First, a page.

Deadwood: The Forgotten Curse was not on my radar. For most folks, that might not be a big deal, but I’m a big fan of the indie scene and make a specific effort to keep an eye out for these games that might normally fly under the radar. I heard about it on Beyond the Horizon Radio, a podcast gaming and associated geekery that I frequently guest on. I looked it up after the host mentioned seeing the game at PAX East.
My search uncovered a really cool-looking little project, and when some of the developers joined the podcast later to talk about it, I found myself just as interested in the team working on it. I found their ideas unique in an industry known for rehashing old ideas ad nauseam, so I was immediately compelled to reach out to the team for more information. Adam Meyer, Creative Director at Steamroller Studios, was kind enough to return my email and agreed to chat a bit about their new game, Deadwood.
What attracted me to Deadwood off the bat, was their unique graphic direction that blends a sort of sketched comic book style a la Don’t Starve, that’s also colored in vibrant shades echoing games like Child of Light. It was pretty obvious after just a short glance that this is a team making the choice to build a very visually appealing experience.
Adam Meyer tells me that the game will be more than just something to look at, with a slew of cool gameplay mechanics and interesting ideas. One of the core dynamics is a day-night cycle that impacts the game dramatically. While players will spend days exploring the world and chatting with NPCs, they’ll also need to invest time collecting resources. Those resources will be needed come nightfall, when the game swings towards more of a tower defense kind of play.
At night, the player’s companion, a lumbering hulk of stone, falls asleep. It’s up to the player to build defenses around his co-wanderer to protect against the horde of nocturnally active zombies intent on eating the player and… I guess graffiti the bedraggled bedrock, or whatever it is mineral-hating Zeds do.
Tower defense is a fairly popular genre right now, and while it’s not exactly the aspect of the game that I think the team is planning to be definitive, I do think it’s a significant piece that could take the game from being meh, to something really interesting. Setting that game in a visually inspired environment and then building on to that with canned emotion via a solid soundtrack, and I think there’s a chance that this game could quickly reach the status of “endearing.”
If you’re going to understand Deadwood, I think you have to really look at the team, though. These aren’t your typical developers. Several of these guys are from the video effects industry, and we’re not talking small time. Keith Lackey and Jalil Sadool, respectively Technical Supervisor and Gameplay Director, are professionals with little films to their names like The Hobbit, Avatar, The Avengers, and other little names like that.
The team also has a few games in their collective CV, as well. You’d recognize titles like Bioshock, and Left 4 Dead, to name two. From the interview I listened to, there’s a lot of cinematic culture among them though, so I asked Adam what the team brings from all that experience in the movie industry and what made everyone make the jump to video games?
Adam replied in excellent form saying, “Well, Keith and Jalil are both from the VFX industry. My background is a bit more in games. But at the end of the day I think we all left our jobs for the same reason, and that’s to tell our own story. Working on a big movie seems glamorous, but at the end of the day, you’re still working on someone else’s vision. Now we can work on our own vision.”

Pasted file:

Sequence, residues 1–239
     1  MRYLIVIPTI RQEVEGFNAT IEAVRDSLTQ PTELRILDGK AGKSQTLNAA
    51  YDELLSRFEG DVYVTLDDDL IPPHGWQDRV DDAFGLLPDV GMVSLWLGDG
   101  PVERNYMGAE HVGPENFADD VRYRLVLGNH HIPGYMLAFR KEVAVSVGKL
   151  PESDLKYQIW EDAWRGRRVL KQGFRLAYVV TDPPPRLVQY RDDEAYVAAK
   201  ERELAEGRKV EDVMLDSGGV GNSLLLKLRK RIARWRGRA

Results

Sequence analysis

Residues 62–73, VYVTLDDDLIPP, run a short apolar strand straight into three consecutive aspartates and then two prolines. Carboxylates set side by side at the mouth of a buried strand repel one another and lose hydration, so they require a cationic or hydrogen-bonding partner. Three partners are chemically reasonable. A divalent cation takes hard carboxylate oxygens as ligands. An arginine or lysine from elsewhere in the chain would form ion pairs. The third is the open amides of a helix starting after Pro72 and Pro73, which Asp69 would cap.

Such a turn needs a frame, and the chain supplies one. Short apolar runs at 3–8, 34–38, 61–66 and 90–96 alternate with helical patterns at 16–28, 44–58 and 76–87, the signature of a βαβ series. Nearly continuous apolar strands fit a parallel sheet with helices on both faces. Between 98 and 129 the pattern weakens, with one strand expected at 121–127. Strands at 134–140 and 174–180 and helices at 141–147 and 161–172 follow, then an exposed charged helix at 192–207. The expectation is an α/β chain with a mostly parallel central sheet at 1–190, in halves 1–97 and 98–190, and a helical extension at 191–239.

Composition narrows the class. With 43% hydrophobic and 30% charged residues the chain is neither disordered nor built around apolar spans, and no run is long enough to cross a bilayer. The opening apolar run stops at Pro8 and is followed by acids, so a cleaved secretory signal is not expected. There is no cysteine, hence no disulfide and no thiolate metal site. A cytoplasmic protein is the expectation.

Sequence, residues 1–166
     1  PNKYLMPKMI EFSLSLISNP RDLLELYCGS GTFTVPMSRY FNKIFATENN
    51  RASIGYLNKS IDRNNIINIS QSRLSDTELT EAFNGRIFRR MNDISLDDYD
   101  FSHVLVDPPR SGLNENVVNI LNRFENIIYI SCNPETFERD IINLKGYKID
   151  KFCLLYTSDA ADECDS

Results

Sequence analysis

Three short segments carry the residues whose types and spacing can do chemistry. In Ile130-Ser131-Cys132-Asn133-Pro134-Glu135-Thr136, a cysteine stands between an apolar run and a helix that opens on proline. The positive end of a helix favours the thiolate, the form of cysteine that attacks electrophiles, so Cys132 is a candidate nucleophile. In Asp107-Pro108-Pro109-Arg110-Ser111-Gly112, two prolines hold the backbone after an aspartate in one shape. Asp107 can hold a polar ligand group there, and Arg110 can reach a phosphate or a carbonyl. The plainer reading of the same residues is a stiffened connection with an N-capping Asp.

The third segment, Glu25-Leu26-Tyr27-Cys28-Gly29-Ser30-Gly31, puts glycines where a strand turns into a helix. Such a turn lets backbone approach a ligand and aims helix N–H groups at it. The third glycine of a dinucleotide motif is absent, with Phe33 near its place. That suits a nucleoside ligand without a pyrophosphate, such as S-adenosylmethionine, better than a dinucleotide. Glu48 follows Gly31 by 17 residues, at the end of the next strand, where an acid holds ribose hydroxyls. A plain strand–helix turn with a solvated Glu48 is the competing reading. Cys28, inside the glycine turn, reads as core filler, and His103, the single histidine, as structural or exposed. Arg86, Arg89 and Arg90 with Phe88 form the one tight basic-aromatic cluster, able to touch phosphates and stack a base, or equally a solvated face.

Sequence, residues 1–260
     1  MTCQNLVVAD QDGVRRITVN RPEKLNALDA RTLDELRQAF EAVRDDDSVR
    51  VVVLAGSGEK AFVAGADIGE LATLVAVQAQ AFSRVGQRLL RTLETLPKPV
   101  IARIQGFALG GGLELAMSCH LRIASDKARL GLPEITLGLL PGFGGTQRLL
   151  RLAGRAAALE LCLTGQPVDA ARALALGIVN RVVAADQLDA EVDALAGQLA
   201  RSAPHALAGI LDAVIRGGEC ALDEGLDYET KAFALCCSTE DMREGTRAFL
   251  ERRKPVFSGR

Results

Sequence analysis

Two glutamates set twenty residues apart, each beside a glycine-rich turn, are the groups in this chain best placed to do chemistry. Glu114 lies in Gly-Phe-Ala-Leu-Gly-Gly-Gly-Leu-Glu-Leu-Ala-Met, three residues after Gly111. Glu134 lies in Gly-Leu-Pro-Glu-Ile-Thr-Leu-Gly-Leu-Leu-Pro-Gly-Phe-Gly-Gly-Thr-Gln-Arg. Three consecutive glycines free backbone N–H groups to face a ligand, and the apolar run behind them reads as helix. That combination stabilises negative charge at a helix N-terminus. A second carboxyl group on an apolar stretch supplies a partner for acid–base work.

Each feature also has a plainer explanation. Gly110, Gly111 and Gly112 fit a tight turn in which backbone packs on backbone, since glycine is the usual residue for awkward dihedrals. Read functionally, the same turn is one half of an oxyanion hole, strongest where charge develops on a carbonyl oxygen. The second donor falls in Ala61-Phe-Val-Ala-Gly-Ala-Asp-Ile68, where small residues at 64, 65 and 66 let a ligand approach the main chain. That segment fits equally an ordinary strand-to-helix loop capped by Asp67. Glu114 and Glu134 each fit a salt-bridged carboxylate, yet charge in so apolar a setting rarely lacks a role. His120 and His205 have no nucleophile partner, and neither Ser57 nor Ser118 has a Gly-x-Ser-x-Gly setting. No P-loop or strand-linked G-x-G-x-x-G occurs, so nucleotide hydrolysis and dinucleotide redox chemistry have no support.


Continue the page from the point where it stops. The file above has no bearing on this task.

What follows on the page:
According to Adam, the team’s history in the other medium brings a lot to the table when it comes to their work on video games, as well. He says their attention to detail may be one of those definitive qualities that sets Deadwood apart. Adam explains, “In film especially, you don’t stop working on a shot until it’s perfect. We have a similar mindset. And this is spread over everything from story, to gameplay, to the character designs.”
Deadwood isn’t just a recent idea over at Steamroller Studios, despite just lately appearing as a Kickstarter project. Adam tells me, “We’ve been working on this in on and off for about 4 years. But if you look at the hours, it’s only about 6 months. So we’re still pretty early in development for a game of this scope. We are planning to launch the full game in fall of 2016. But we expect we’ll have beta access and potentially early access by the end of this year.”
He continues saying that it’s “still early and so a lot of the rewards we [won’t be able to] fulfill until next year. But we’ll have beta access, exclusive wallpapers, backer forums, and whatever else we can get done, out within the next 6 months. But one thing they can absolutely count on is constant updates and clear communication.”
It’s not a large team, but with work already well underway on the new game, and a group of folks who are used to being under the gun on high-stake projects, I don’t have huge concerns. Plus, I suspect that we’ll see a development plan very similar to other smaller projects and backers will get iterative access to the game. Basically, as things get done and are stable, they’ll get rolled out for public consumption. It hasn’t been officially announced, but that’s the way these projects tend to run.
Regardless of how they get there, I think this game has a chance to be something pretty special. Time will tell on whether or not it lives up to that potential, but the team has an attitude that makes me hopeful. As an example, I’ll leave you with a comment by Adam Meyer. If a player were attempting to explain the appeal of Deadwood to a friend, I asked Adam how he’d want that conversation to start. His answer:
“That we charmed the heck out of them.”